Patanjali is not for sudden enlightenment: and sudden enlightenment is not for everybody. It is rare, it is exceptional; and Patanjali has a very scientific outlook; he does not bother for the exceptional. He discovers the rule, and the exceptional simply proves the rule, nothing else. And the exceptional can take care of itself: there is no need to think about it. The ordinary, the ordinary human being, grows only in stages, step by step, because for a sudden enlightenment, tremendous courage is needed, which is not available.

And, for a sudden enlightenment, there is such a risk in it – one can go mad or one can become enlightened. Both the possibilities remain open because it is so sudden that the mechanism of your body and mind is not ready for it. It can shatter you completely.

Patanjali does not talk about it. In fact he insists that the samyama should be attained in stages so that by and by you move, in small doses you grow, and before you take another step you have become ready and prepared for it.

Enlightenment, for Patanjali, does not take you unawares. Because it is such a tremendous event, you may be so shocked – shocked to death or shocked to madness – he simply debars any talk about it. He does not pay any attention to it.

That is the difference between Patanjali and Zen. Zen is for the exceptional: Patanjali is the rule. If Zen disappears from the world, nothing will be lost because that; exceptional can always take care of itself. But if Patanjali disappears from the world, much will be lost because he is the rule. He is simply for the common, ordinary human being – for all. A Tilopa may take the jump, or a Bodhidharma may take a jump, and disappear. These are adventurers, people who enjoy risk, but that is not the way of everybody. You need a staircase to go up and to go down: you simply don’t jump out of the balconies. And there is no need to take that risk while one can move gracefully.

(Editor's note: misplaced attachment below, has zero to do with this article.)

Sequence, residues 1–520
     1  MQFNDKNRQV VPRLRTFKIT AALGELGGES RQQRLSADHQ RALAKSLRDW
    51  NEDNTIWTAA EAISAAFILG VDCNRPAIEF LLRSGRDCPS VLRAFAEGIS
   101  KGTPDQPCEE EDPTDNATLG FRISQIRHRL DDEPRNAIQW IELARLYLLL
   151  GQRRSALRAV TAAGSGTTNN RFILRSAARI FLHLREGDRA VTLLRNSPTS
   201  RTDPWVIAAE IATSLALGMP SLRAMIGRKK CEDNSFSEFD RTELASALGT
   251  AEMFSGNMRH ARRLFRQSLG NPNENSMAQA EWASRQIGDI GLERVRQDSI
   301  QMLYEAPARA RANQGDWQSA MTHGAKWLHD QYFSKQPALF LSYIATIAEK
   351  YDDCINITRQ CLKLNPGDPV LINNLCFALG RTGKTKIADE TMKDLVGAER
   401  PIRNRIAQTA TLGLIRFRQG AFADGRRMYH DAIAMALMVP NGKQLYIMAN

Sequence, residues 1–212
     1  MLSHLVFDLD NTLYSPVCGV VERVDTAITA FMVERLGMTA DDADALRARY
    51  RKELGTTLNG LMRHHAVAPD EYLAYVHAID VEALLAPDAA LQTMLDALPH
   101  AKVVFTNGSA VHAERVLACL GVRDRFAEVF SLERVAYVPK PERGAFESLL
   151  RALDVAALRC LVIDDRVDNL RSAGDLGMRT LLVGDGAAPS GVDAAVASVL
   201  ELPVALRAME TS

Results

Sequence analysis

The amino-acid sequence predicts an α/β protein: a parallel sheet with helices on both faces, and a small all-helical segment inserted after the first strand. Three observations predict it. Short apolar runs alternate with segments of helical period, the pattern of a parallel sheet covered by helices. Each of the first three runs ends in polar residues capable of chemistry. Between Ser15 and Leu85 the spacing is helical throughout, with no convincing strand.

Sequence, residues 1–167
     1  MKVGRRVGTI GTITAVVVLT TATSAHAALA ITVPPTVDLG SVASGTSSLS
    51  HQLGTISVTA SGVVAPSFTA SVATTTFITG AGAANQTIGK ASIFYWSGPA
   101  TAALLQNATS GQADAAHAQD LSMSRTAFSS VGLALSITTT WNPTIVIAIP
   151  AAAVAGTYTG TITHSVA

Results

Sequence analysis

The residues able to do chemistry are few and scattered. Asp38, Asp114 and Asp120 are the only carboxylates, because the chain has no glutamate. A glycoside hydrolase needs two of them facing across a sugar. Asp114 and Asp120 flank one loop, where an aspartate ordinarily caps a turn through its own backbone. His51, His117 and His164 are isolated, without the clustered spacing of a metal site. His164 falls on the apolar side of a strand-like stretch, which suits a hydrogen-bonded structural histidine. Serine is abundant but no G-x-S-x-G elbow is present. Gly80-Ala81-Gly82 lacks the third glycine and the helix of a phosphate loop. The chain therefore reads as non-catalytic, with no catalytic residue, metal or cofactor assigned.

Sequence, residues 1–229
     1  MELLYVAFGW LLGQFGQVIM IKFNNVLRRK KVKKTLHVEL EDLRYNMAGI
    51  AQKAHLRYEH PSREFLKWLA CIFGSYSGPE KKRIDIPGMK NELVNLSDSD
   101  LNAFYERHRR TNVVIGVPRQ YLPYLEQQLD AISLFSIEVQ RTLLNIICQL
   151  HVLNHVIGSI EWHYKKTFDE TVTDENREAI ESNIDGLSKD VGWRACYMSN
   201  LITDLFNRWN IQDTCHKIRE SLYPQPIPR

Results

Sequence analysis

Zen is a little eccentric because the whole point is of the unique experience. The whole point is of the exceptional, the rare: in a way, the non ordinary. Patanjali, in that way, moves on plain ground. For the common humanity he is a great help.

He says, “samyama is to be employed in stages.” Don’t be in a hurry, move slowly, grow slowly, so everything becomes solid before you take another step.

After each growth, let there be an interval. In that interval, whatsoever you have attained is absorbed, digested, becomes part of your being… then go ahead.

There is no need to run because in running you can come to a point for which you are not ready, and if you are not ready, it is dangerous.

The greedy mind would like to attain everything now. People go to Osho and they say, “Why don’t you give us something which can make us suddenly enlightened?” But these are exactly the people who are not ready. If they were ready they would have patience. If they were ready they would say, “Whenever it comes. We are not in a hurry: we can wait.” They are not the real people: they are greedy people. In fact, they don’t know what they are asking. They are inviting the sky. You will burst: you won’t be able to contain it.

Patanjali says, “samyama is to be employed in stages,” and these eight stages he has described.


In my blog – Yoga Sutra 31 Samyama – I have written in detail regarding DHARANA, DHYAN, AND SAMADHI.

These three are internal compared to the five that have preceded them…


If you compare them with yam, niyam, asan, pranayam, pratyahara, then they are internal, but if you compare with the experience, the ultimate experience of a Buddha or Patanjali, they are yet external. They are just in between. First you transcend the body, those are the external steps: then you transcend the mind, these are internal steps: but when you reach your being, even that which was internal now will look external. Even that was not internal enough. Your mind is not internal enough. It is more internal than the body. It is external if you become a witness: then you can watch your own thoughts. When you can watch your own thoughts. Your thoughts become external. They become objects: you are the watcher.

The seedless samadhi means: when there is going to be no birth anymore, when there is going to be no coming back to the world anymore, when there is going to be no entry again in time. The seedless means: the seed of desire is burned completely.